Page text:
Dean v. Dean, et al.

Filing 24

MEMORANDUM AND ORDER re 17 Order to Show Cause, 19 Plaintiff's amended complaint, 20 Plaintiff's response to the show cause order, and denying 22 Motion for Review. This action is dismissed. Signed by District Judge John W. Broomes on 5/8/2024. (ca)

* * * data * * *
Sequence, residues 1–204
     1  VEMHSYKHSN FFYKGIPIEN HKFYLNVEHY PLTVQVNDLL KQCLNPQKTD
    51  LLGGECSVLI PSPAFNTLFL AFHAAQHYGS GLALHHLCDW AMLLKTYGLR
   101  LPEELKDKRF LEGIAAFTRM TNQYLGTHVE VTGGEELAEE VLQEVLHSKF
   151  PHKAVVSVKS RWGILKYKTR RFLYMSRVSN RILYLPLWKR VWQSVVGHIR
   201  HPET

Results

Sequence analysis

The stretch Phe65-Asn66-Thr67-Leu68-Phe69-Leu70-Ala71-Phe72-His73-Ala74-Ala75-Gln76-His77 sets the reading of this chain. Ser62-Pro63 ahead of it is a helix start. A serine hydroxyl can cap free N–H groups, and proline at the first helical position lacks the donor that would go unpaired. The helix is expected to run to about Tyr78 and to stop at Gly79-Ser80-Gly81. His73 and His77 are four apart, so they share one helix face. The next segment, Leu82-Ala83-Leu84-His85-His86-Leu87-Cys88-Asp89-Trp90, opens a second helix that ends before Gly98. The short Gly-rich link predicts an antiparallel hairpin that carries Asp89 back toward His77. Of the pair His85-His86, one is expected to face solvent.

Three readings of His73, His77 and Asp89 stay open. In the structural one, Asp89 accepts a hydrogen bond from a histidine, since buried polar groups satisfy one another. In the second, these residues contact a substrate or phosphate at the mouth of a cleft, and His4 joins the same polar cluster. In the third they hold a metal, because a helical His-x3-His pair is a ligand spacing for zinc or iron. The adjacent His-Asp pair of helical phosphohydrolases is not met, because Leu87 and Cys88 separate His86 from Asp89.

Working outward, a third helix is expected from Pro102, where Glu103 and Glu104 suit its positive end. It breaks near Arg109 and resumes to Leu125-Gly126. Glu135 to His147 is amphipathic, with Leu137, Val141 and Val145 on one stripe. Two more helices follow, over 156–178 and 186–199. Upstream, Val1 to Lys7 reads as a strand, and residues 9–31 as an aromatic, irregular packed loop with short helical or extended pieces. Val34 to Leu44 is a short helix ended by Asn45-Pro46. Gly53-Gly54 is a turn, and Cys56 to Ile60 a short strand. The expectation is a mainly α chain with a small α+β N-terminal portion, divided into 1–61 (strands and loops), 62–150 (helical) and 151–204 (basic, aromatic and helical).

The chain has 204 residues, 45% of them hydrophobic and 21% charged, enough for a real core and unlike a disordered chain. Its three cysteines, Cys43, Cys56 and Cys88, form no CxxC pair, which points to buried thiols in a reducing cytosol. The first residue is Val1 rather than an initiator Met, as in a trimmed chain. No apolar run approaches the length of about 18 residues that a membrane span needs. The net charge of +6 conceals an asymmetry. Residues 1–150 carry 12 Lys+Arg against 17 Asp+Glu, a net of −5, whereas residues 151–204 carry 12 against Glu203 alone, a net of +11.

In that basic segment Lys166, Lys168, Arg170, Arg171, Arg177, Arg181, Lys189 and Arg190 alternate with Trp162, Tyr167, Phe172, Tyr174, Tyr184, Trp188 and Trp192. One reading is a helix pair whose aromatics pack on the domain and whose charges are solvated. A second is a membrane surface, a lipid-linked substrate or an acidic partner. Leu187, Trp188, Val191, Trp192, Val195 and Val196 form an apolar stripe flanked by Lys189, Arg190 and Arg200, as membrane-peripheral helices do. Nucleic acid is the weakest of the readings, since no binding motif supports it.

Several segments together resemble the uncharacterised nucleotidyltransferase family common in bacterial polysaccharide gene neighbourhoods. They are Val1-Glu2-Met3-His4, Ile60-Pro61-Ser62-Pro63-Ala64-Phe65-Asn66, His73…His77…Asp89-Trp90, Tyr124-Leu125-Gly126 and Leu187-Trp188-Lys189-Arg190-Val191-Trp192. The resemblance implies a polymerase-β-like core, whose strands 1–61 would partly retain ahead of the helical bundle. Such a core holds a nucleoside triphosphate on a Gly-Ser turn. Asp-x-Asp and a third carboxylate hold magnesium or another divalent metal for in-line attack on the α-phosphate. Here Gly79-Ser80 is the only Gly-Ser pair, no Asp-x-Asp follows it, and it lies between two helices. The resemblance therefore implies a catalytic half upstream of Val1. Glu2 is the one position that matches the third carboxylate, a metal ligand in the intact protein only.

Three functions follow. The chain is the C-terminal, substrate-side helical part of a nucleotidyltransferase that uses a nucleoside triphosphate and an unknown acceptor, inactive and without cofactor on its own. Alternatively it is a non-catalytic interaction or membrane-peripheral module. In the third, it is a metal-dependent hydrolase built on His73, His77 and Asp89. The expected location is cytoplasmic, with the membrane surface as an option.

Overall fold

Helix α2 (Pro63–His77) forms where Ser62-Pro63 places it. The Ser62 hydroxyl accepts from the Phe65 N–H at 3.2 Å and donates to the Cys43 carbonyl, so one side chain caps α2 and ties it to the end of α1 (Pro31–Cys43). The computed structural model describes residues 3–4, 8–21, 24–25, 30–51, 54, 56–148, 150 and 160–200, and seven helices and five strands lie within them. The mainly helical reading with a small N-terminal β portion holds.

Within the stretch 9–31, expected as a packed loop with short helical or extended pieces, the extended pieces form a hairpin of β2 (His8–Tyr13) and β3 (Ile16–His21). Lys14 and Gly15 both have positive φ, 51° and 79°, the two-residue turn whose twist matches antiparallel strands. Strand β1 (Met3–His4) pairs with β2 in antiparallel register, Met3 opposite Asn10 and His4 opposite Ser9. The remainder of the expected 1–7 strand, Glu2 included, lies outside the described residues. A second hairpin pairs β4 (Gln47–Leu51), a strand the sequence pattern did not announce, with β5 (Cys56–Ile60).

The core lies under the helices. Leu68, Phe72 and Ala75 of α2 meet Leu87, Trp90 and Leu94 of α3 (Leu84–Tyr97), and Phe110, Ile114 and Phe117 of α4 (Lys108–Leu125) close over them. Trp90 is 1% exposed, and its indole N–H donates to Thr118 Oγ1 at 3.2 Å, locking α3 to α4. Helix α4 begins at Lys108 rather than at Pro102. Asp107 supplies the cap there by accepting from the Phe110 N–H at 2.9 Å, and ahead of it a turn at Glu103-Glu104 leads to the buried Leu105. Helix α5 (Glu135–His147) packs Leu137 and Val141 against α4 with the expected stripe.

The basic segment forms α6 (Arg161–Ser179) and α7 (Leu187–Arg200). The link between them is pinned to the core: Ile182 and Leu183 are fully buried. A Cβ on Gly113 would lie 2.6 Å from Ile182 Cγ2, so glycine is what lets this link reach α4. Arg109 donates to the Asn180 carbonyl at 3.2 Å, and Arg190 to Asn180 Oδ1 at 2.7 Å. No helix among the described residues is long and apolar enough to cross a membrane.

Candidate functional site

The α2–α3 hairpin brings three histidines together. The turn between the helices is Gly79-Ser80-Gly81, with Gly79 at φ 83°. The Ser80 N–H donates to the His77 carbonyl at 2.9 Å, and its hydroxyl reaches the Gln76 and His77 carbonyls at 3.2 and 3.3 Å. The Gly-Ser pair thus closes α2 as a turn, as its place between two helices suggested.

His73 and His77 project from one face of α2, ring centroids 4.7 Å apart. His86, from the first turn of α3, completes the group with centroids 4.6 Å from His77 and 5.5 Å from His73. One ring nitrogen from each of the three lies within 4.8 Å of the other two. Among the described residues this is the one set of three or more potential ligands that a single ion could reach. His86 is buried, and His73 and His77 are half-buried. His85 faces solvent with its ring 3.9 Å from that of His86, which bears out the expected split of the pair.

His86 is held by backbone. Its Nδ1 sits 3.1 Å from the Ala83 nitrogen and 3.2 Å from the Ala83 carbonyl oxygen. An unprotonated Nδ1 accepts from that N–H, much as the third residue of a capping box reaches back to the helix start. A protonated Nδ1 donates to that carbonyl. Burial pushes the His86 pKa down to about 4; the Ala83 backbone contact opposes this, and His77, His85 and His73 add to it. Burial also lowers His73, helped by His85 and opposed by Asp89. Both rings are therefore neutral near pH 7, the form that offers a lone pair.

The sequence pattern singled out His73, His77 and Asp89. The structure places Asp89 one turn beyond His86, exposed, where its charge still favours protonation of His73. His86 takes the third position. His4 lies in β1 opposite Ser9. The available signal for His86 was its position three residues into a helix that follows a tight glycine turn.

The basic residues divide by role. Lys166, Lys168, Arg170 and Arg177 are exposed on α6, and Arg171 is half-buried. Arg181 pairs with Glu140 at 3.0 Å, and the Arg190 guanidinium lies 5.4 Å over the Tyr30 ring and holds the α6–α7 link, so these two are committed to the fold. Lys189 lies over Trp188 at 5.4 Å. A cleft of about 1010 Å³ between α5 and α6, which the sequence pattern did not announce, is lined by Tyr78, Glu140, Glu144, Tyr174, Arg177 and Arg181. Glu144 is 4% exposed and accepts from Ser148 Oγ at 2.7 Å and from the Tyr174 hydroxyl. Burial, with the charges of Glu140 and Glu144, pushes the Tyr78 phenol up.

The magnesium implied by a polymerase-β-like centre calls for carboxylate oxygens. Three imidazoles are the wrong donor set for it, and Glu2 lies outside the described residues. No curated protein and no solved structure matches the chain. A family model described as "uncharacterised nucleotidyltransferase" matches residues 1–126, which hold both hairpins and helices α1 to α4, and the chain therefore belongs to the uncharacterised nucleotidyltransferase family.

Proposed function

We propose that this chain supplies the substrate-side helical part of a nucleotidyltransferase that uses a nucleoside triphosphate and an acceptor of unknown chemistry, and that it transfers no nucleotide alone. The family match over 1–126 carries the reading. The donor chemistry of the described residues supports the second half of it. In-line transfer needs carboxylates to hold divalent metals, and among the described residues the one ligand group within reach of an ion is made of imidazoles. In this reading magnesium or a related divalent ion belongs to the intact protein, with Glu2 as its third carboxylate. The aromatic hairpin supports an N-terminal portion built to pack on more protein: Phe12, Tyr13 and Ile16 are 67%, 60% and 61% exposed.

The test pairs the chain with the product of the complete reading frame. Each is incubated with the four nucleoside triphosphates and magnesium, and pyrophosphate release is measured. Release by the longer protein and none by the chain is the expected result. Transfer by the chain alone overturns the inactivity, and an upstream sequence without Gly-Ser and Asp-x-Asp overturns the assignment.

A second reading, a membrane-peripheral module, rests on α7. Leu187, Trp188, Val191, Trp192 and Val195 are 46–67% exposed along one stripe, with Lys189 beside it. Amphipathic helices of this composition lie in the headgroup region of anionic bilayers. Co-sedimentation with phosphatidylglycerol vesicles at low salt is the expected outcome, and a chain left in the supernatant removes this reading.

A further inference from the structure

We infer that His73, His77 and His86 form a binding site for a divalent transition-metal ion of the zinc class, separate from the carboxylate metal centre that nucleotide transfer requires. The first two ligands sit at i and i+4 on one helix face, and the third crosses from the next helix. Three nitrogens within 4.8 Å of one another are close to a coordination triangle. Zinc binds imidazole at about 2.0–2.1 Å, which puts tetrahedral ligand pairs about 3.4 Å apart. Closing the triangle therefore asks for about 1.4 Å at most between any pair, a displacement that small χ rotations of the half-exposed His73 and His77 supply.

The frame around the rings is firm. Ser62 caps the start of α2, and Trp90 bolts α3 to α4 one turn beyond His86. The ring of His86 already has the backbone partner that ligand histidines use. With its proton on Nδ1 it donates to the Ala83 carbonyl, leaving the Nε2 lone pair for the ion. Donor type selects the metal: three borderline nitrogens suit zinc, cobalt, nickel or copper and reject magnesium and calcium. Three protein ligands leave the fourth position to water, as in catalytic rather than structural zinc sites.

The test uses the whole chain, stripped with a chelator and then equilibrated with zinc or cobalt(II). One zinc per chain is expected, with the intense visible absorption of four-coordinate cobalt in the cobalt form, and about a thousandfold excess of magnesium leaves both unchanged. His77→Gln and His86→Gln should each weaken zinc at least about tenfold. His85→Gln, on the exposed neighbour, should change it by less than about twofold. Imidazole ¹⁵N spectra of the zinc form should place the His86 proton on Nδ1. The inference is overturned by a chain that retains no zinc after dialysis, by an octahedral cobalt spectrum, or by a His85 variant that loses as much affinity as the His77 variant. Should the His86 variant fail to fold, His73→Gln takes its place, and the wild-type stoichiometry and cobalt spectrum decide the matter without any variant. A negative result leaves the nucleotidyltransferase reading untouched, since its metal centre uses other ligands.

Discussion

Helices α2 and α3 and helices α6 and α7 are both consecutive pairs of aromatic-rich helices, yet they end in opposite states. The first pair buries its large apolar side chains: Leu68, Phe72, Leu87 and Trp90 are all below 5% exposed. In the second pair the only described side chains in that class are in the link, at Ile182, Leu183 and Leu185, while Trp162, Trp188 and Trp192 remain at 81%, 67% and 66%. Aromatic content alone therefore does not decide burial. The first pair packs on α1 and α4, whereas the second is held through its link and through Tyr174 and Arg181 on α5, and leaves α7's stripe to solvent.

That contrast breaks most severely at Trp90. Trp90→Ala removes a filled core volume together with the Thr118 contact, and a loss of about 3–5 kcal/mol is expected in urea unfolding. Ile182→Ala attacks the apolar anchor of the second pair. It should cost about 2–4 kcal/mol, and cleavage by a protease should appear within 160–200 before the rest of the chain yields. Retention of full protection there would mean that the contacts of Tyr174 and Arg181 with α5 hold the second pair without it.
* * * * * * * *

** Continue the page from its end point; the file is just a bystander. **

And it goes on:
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IN THE UNITED STATES DISTRICT COURT FOR THE DISTRICT OF KANSAS BRITTANY ELIZABETH DEAN, Plaintiff, v. Case No. 24-4008-JWB DANA DEAN, et al., Defendants. MEMORANDUM AND ORDER This matter is before the court on the magistrate judge’s order to show cause why this case should not be dismissed for failure to state a claim (Doc. 17), Plaintiff’s amended complaint (Doc. 19), Plaintiff’s response to the show cause order (Doc. 20), and Plaintiff’s motion for review of a state court eviction proceeding. (Doc. 22). The court determines that Plaintiff’s amended complaint supersedes her original complaint that was subject to the show cause order, but that her amended complaint should still be dismissed. When a party is granted leave to proceed in forma pauperis, § 1915(e)(2) permits the court to screen the party’s complaint. The court must dismiss the case if it determines the action “(i) is frivolous or malicious; (ii) fails to state a claim upon which relief may be granted; or (iii) seeks monetary relief from a defendant who is immune from such relief.” 28 U.S.C. § 1915(e)(2)(B). To state a claim, a complaint must contain enough allegations of fact to state a claim for relief that is plausible on its face. Robbins v. Oklahoma, 519 F.3d 1242, 1247 (10th Cir. 2008). All wellpleaded facts and the reasonable inferences derived from those facts are viewed in the light most favorable to Plaintiff. Archuleta v. Wagner, 523 F.3d 1278, 1283 (10th Cir. 2008). Conclusory allegations, however, have no bearing upon the court’s consideration. Shero v. City of Grove, Okla., 510 F.3d 1196, 1200 (10th Cir. 2007). A review of Plaintiff’s amended complaint reveals a rather impassioned assertion of a multitude of mostly state and federal crimes related to allegations of abuse along with malfeasance by government actors. While the court takes such allegations seriously, federal courts are courts of limited jurisdiction and lack the authority to police every conceivable assertion of misconduct. More specific to this case, private citizens lack the authority to bring civil actions to prosecute crimes. Thus it appears that the only discernable claim that might be appropriate for the court to consider from the amended complaint is one for violation of Plaintiff’s rights under 42 U.S.C. § 1983. Broadly construing Plaintiff’s pro se pleadings, it appears she is bringing claims under § 1983 for having to face her alleged abuser in court and for a state court granting custody of her children to their fathers. (Doc 19 at 3–5.) Unfortunately, much of the amended complaint is illegible due to overlapping text. Plaintiff fails to identify actions by individual actors, and she also fails to identify what constitutional rights were violated. She thus fails to state a claim. See Robbins, 519 F.3d at 1249–50 (10th Cir. 2008) (noting it is “particularly important” in § 1983 cases “that the complaint make clear exactly who is alleged to have done what to whom”). The court therefore dismisses the amended complaint for failure to state a claim. The court further dismisses Plaintiff’s motion to review a state-court eviction proceeding because district courts generally do not have jurisdiction to review state court decisions. Escalante v. Escalante, No. 232491-JWB, 2024 WL 382548, at *3 (D. Kan. Jan. 31, 2024). This action is dismissed. Plaintiff’s motion for review (Doc. 22) is also denied. IT IS SO ORDERED. Dated: May 8, 2024 /s/John W. Broomes JOHN W. BROOMES UNITED STATES DISTRICT JUDGE 2

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